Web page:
Private Foundation:

a wholly distinct, tax-exempt legal entity governed by its own set of bylaws, articles of incorporation, etc.

Donor-Advised Fund:

a giving account that is offered by and housed in a public charity, which may be connected to a community foundation, a financial institution, or a university.

In looking to create a charitable vehicle, you may be considering whether to establish a private foundation or a donor-advised fund (DAF). At the most basic level, the difference between a DAF and a private foundation is the construct, or form, in which each entity is created and operated.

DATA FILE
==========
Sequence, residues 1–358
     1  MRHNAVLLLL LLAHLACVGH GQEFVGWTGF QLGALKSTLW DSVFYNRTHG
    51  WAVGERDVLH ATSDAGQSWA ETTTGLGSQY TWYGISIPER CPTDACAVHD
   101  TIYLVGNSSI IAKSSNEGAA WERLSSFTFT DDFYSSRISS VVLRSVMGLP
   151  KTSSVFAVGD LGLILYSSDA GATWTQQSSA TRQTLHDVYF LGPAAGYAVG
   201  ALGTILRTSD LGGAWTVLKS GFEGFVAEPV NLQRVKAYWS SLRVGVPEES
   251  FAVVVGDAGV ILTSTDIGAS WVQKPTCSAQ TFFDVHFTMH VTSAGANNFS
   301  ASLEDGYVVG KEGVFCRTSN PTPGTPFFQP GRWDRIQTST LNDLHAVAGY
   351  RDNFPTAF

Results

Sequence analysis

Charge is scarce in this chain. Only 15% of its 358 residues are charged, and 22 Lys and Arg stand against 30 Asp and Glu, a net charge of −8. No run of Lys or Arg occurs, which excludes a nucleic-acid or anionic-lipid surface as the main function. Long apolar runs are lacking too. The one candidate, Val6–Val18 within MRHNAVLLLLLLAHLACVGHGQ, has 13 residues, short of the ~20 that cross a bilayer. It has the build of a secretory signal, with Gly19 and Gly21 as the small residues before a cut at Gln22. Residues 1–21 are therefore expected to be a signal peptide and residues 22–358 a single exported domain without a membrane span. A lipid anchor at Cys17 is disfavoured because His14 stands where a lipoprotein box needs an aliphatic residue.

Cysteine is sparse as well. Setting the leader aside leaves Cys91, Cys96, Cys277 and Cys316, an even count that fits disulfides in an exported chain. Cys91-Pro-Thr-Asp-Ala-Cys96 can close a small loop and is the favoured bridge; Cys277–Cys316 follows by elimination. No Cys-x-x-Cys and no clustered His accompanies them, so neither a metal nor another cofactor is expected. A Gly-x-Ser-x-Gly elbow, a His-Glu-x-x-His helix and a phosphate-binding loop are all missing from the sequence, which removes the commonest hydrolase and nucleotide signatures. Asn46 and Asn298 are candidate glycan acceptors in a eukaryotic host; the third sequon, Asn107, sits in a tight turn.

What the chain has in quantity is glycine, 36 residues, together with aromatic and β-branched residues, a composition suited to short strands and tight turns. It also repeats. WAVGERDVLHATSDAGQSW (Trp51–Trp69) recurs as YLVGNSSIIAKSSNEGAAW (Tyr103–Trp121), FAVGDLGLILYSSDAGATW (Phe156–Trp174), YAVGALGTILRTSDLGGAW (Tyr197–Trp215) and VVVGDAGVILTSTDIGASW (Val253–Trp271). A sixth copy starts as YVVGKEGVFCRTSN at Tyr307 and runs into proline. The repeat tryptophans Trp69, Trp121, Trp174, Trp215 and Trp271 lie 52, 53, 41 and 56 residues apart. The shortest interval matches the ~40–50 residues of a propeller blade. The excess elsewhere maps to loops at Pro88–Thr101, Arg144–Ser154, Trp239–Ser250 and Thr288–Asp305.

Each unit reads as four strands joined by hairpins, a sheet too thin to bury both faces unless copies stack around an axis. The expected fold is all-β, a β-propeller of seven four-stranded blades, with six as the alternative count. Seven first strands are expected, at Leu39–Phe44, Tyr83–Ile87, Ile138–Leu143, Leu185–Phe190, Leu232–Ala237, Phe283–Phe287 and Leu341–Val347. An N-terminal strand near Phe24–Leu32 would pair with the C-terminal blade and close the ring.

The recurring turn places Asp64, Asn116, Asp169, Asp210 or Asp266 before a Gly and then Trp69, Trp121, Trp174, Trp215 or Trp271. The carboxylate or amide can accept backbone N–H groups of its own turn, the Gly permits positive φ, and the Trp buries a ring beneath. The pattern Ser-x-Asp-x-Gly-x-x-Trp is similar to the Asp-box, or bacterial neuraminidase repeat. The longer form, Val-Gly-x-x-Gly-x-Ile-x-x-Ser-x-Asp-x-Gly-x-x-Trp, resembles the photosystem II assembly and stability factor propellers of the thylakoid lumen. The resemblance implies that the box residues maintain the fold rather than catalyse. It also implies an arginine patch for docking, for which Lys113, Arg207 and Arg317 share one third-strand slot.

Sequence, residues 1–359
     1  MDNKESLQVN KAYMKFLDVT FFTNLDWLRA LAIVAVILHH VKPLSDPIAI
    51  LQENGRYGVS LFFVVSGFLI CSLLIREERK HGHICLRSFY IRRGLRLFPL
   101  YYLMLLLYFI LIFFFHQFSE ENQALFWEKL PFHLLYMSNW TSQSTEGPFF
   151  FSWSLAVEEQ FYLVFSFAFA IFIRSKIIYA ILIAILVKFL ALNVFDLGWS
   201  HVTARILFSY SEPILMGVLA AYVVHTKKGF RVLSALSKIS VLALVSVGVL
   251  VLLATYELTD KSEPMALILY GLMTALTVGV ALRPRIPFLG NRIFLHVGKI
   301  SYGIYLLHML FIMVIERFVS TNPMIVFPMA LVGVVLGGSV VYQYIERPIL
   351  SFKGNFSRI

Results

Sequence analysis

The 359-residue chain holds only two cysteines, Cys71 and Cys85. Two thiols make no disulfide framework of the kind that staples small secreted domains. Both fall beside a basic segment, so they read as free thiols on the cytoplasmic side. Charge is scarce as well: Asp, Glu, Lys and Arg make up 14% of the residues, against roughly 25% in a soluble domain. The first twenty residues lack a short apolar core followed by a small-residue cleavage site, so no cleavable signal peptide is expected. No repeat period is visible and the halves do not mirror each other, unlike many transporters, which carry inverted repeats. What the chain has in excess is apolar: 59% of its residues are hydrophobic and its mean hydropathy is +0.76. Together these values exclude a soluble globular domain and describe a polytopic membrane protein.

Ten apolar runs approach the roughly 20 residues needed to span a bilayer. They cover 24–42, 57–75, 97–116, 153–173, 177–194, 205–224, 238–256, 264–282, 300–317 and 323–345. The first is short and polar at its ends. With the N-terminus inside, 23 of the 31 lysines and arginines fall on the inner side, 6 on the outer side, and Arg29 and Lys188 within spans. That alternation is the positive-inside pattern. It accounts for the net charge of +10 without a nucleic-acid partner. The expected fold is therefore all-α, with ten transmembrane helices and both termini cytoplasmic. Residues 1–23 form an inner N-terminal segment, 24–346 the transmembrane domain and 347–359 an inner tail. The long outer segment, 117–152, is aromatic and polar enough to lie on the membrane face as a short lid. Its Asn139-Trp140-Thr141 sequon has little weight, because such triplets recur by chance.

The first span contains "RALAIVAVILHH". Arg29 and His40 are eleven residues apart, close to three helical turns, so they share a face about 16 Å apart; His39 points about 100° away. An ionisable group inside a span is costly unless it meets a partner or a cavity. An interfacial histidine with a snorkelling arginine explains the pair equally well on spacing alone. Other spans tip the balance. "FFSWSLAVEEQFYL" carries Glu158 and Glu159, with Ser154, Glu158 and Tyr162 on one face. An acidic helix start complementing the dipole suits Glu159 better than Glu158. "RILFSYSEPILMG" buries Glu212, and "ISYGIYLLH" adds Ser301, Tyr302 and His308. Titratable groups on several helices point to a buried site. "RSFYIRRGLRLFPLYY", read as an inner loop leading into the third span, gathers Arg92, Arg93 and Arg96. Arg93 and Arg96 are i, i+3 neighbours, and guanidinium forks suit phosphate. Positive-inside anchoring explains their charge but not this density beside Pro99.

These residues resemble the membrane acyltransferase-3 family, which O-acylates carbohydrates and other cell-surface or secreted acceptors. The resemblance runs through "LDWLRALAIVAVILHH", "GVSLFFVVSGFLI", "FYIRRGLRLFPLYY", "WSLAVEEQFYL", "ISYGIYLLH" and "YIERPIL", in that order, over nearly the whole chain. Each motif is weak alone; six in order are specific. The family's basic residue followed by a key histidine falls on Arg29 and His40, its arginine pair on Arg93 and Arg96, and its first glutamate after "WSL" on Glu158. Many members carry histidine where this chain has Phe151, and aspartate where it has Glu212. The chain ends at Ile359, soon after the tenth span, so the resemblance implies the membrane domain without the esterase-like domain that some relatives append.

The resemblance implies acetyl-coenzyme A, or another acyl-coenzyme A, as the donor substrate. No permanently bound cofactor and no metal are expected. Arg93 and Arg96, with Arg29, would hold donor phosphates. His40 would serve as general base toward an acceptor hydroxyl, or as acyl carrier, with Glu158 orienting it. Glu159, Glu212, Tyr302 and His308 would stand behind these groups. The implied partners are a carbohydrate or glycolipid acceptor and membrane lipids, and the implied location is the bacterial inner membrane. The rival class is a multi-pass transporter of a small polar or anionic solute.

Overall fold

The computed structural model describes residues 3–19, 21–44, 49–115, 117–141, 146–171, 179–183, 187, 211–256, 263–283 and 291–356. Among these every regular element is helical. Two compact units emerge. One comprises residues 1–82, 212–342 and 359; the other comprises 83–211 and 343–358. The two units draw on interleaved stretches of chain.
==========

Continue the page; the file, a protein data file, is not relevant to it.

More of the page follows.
A difference in structure may sound like a trivial distinction, but when comparing private foundations and donor-advised funds, it turns out that form really does dictate function. Because a private foundation is a freestanding legal entity, and a donor-advised fund is an account, the two charitable vehicles o er very different levels of control, authority, and philanthropic versatility. The differences between private foundations and DAFs are highlighted on the following chart. As DAF policies and procedures vary by the sponsoring organization, the information on this chart is based on standard common practice.